Transcript from : 'The Annals of Manchester'
ed. William E.A. Axon, Pub. 1886

INTRODUCTION.

MANCHESTER, the great centre of the cotton manufacture, is a corporate and Parliamentary borough, and was elevated to the dignity of a city in1847, by being constituted the see of a bishop, and by, royal proclamation in 1858. It is situated on the river Irwell, in the hundred of Salford, and county of Lancaster, and is distant from London 188 miles by the London and North-Western Railway, 189 by the Midland, 188¾ by the Great Northern, and 31½ from the port of Liverpool. According to the census of 1881, the municipal borough of Manchester contained 341,414 inhabitants, and the Parliamentary borough, which includes the townships of Harpurhey, Newton, Bradford, and Beswick, contained 393,585. In 1885 the city boundary was extended to include Rusholme, Bradford, and Harpurhey. and the population of the municipal borough was thus raised to 373,583, and of the Parliamentary borough to 406,82-3. The limits of the municipal and Parliamentary borough of Salford are identical, and the population at the census of 1881 was 176,235.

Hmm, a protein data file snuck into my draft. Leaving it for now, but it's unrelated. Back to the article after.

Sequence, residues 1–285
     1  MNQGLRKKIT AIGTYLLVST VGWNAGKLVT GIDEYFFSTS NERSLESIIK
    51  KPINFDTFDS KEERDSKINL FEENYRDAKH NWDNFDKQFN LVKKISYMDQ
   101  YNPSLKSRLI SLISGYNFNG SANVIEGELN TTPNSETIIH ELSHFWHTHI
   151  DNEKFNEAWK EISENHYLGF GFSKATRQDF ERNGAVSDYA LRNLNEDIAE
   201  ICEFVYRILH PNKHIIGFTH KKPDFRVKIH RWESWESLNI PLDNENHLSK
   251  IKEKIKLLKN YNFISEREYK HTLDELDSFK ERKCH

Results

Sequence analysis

The following outline of the history of the city is condensed from an article contributed to the Encyclopedia Britannica by the editor of this volume :-